Friday, October 16, 2009

OPTIC CHIASMATIC GLIOMA








Optic nerve glioma (also known as optic pathway glioma) is the most common primary neoplasm of the optic nerve. In 66% of NF-1 patients with optic nerve glioma, the growth involves the intraorbital optic nerve. In the absence of NF-1, the optic chiasm is most commonly involved, as is, less often, the intraorbital optic nerve. Optic nerve glioma may involve various portions of the retrobulbar visual pathway, including the optic nerve, chiasm, tracts, and radiations. Malignant lesions can invade the hypothalamus, basal ganglia, and internal capsule directly, or they may spread to the leptomeninges or subpial surfaces. On T1-weighted images, optic nerve gliomas are usually isointense to the cortex and hypointense to white matter. Invariably, the lesions are hypointense to orbital fat. On T2-weighted images, lesions demonstrate a mixed appearance that is isointense to hyperintense relative to white matter and the cortex. Following contrast administration, intense enhancement is common.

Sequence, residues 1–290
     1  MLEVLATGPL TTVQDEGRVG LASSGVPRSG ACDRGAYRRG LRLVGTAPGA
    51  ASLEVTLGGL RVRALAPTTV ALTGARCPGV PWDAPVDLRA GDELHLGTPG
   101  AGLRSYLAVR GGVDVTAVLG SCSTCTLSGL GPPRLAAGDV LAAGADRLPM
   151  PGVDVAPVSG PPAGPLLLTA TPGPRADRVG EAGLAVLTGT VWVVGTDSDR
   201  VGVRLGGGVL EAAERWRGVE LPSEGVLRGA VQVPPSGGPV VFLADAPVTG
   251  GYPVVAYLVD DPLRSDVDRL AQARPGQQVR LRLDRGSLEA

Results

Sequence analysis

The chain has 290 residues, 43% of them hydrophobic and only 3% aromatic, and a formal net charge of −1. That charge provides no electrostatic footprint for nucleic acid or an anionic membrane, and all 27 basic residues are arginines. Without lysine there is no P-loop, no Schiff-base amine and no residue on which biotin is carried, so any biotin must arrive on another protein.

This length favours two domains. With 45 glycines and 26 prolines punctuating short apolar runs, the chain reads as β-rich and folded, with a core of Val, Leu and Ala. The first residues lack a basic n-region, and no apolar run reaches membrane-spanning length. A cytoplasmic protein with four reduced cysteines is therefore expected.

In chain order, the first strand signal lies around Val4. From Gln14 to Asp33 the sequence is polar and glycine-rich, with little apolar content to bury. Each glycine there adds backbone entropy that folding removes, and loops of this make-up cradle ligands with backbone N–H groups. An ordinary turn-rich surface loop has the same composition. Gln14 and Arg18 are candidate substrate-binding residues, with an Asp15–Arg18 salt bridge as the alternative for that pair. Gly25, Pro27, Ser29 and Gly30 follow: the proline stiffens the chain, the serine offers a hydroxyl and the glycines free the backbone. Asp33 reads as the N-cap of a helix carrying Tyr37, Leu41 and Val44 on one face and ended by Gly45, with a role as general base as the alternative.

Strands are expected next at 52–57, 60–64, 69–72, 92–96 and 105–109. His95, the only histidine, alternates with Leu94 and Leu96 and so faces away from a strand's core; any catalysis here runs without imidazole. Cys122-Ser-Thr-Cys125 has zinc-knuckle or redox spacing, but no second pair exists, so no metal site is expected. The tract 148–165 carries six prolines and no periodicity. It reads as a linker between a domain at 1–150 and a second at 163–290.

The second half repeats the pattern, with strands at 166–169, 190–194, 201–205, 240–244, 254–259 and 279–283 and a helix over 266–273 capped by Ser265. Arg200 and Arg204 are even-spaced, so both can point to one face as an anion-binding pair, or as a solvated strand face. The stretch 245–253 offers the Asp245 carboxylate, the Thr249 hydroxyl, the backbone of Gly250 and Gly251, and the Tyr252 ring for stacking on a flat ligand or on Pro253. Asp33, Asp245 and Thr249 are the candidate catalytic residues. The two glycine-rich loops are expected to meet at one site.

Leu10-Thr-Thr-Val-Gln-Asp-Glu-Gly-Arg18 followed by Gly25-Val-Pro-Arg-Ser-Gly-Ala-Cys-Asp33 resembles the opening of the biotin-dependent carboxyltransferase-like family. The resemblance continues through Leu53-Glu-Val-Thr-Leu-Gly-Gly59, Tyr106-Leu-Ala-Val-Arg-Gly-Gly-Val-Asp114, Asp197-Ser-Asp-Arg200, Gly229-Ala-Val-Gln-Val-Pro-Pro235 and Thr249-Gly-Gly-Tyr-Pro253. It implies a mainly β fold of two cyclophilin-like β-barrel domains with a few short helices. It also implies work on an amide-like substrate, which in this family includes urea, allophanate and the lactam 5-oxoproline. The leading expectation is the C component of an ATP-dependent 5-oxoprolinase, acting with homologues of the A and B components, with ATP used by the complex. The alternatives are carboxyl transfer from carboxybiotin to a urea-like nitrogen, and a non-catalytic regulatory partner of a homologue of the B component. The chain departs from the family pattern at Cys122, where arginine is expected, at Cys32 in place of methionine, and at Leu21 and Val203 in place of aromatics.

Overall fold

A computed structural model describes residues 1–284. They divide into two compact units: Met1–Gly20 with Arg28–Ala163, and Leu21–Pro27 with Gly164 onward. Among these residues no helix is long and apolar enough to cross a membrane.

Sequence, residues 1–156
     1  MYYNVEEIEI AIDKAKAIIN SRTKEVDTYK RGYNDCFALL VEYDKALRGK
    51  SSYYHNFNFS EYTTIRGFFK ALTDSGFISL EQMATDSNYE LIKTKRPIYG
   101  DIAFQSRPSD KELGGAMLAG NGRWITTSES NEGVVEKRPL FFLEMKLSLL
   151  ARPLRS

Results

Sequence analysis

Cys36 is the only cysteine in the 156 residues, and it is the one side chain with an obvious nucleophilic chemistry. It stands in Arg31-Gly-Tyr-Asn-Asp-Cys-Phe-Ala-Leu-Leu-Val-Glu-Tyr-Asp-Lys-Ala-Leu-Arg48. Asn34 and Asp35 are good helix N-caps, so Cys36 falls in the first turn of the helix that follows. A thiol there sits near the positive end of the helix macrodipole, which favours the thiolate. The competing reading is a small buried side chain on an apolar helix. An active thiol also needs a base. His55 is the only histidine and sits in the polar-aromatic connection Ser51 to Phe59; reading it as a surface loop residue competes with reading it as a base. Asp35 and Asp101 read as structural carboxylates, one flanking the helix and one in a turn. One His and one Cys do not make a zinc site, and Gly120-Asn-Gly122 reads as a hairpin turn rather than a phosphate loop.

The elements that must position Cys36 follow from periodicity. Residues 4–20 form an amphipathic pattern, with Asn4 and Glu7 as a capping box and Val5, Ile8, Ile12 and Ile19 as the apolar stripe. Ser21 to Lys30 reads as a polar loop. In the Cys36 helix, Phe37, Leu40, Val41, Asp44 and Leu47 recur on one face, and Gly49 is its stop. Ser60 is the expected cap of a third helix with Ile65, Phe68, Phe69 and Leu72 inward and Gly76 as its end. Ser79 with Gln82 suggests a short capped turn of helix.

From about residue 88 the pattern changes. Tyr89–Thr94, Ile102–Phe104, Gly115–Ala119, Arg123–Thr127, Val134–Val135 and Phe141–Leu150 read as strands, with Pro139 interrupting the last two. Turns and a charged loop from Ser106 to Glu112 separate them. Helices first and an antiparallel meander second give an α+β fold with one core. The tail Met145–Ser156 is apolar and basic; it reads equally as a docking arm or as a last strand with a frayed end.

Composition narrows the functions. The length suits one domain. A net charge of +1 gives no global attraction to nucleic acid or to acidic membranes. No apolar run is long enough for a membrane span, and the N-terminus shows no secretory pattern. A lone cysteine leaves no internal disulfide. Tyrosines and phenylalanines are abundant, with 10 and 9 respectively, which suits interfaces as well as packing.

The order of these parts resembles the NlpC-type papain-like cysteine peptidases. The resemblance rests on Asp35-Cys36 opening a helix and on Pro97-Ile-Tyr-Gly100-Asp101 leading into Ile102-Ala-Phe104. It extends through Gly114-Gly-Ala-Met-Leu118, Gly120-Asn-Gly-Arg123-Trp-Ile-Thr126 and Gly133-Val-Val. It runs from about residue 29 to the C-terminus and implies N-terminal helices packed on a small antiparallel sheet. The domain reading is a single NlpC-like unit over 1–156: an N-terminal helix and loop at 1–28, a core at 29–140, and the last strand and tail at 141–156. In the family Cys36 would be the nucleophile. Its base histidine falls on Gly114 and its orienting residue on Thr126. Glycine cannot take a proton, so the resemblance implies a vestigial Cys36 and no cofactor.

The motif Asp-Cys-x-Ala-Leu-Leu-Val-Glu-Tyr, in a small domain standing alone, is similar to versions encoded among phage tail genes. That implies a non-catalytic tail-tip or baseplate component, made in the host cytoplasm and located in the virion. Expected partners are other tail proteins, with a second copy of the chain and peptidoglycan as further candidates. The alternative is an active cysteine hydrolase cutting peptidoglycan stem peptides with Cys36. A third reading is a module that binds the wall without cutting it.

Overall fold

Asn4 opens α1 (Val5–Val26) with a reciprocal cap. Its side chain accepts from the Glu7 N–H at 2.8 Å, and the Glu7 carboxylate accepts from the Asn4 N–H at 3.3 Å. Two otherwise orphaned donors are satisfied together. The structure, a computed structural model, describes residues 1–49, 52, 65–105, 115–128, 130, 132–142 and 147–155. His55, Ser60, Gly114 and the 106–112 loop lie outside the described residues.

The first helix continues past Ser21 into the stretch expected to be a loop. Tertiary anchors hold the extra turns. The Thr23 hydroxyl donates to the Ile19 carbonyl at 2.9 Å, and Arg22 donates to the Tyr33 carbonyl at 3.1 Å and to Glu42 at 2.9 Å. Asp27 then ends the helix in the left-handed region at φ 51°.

1 comment:

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